What are some good romances, then? What is Michael Shannon’s favorite light fare?
“Philadelphia Story” is the best romantic comedy ever made, in my opinion. Um, maybe something like, you know, “Carnal Knowledge.” That’s a great movie. I don’t know if it’s necessarily a comedy. This crap nowadays, I can’t even stand. I don’t even go to the movies anymore. I really don’t. I don’t watch TV, I don’t do anything.
Do you watch your own movies?
Oh yeah, yeah, usually I go to the premiere or whatever. I mean, that’s fun! I mean, you did all that frickin’ work, you might as well go see the damn thing.
My favorite movie last year was “Amour.” That was the best movie of last year. It’s the best one. My grandma had a stroke about 10 years before she died, and I had to watch her in a similar state to the character Emmanuelle Riva plays, so for me it was a very emotional experience, very personal.
Are there any of yours that you really like?
I’ll revisit some now and then, if the opportunity presents itself. I don’t sit at home and obsessively watching my movies. The movie I’m most fond of is “Take Shelter,” really, out of all the movies I’ve made. I have a lot of them though that I’m fond of. I was in Sidney Lumet’s last picture, for chrissakes, that was pretty cool. The last one before he died.
What do you think is your most underrated film?
Yeah, yeah, I got two of ’em: “The Missing Person” and “Grand Theft Parsons,” did you see that? I wish more people would see those two movies, because I’m actually very proud of those two movies.
Were they just under-marketed, or not received the way you would have liked?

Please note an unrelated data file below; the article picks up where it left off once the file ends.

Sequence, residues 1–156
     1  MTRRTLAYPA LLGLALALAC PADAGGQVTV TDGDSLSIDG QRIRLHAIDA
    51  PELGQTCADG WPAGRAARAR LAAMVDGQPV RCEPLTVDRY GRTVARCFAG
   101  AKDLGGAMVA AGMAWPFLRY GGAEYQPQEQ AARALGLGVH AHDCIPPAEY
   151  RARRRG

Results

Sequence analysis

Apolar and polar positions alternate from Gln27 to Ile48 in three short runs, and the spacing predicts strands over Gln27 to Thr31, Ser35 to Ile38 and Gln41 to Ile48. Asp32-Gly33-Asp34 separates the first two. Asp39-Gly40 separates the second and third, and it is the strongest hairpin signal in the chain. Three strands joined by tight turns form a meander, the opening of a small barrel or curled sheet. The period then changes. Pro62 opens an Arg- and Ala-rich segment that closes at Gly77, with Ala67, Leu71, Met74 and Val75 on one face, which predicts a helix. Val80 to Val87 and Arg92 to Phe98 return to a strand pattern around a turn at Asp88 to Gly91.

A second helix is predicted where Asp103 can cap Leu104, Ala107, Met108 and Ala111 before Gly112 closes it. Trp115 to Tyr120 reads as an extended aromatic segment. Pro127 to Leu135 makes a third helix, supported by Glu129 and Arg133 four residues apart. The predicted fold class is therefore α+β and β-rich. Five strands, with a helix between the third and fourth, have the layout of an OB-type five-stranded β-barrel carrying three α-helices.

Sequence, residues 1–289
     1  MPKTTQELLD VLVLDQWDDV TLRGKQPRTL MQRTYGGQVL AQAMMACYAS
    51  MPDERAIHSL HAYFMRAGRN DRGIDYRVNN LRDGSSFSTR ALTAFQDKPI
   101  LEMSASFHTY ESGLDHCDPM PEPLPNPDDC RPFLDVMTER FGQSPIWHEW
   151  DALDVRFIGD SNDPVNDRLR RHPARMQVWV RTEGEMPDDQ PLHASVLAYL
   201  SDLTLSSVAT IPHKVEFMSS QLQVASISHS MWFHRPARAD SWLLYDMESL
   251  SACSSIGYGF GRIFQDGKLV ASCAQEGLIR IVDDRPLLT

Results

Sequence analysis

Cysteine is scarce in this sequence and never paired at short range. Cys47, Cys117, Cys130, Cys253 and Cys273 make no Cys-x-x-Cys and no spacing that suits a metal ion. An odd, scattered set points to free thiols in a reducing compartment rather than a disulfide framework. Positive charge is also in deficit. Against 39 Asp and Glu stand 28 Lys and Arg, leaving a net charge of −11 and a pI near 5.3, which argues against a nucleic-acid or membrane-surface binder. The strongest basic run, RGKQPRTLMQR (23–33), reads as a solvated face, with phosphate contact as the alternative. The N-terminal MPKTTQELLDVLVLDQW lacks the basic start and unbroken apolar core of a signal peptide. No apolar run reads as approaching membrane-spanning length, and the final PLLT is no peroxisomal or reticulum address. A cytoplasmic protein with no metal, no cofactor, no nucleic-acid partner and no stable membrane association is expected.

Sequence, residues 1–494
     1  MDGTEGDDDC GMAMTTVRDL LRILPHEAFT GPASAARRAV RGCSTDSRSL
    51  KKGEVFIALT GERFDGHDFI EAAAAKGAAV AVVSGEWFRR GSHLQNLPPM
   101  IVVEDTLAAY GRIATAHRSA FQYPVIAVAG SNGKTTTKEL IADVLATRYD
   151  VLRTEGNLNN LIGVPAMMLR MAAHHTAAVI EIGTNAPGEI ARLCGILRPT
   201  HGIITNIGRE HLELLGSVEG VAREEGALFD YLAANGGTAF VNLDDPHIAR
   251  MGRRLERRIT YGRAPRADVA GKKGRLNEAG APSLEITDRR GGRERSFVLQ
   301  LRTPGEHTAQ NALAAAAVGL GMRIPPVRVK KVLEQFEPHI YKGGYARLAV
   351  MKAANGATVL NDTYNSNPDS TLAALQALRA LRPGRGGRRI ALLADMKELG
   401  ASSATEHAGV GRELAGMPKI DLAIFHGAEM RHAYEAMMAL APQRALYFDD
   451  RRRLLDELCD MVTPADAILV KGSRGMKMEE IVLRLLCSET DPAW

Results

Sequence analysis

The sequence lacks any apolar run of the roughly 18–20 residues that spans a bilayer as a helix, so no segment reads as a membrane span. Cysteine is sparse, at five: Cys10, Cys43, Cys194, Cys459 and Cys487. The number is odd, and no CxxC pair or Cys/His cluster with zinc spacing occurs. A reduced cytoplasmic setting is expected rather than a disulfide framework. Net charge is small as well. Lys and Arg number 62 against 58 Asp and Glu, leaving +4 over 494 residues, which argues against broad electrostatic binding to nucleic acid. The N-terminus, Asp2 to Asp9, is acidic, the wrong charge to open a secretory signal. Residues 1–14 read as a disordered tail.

“The Missing Person” was released by a company that, honestly, should just go out of business. Strand Releasing can just roast in hell. “Grand Theft Parsons,” I don’t know what happened with that. I don’t know what released it. It’s tough. There’s so many damn movies. There’s more movies out there than there’s any need for. It’s ridiculous. Our “Iceman” movie is coming out the same weekend as “Iron Man 3.” I think we’ll do alright per screen. I hope so.
That sorority girl letter video is one of my favorite things ever. Did that voice come naturally to you?
I did it seven times. Two wides, two mediums, two close and one profile. And I didn’t get it until the profile, and the profile is when I nailed it. The wide, medium and tight, they’re okay, but the profile is really where I understood what was going on.
So what did you understand?
I found the voice, the rhythm. It’s not like a rational thing, it’s more like, it’s very ethereal. Acting is a very ethereal thing that’s not easy to explain in words.
Was it your idea to turn this into a monologue?
I had nothing to do with it. I didn’t even know about the letter. I never go on the internet. I read my emails every once in a while, that’s it.
Can you tell me anything I don’t already know about “Man of Steel”?
It’s about this guy named Superman, and he flies around and he, like, does stuff.
“The Iceman” arrives in theaters tomorrow. Check out our not so hot review.
Categories: InterviewsTags: Michael shannon, Michael Shannon Interview, The Iceman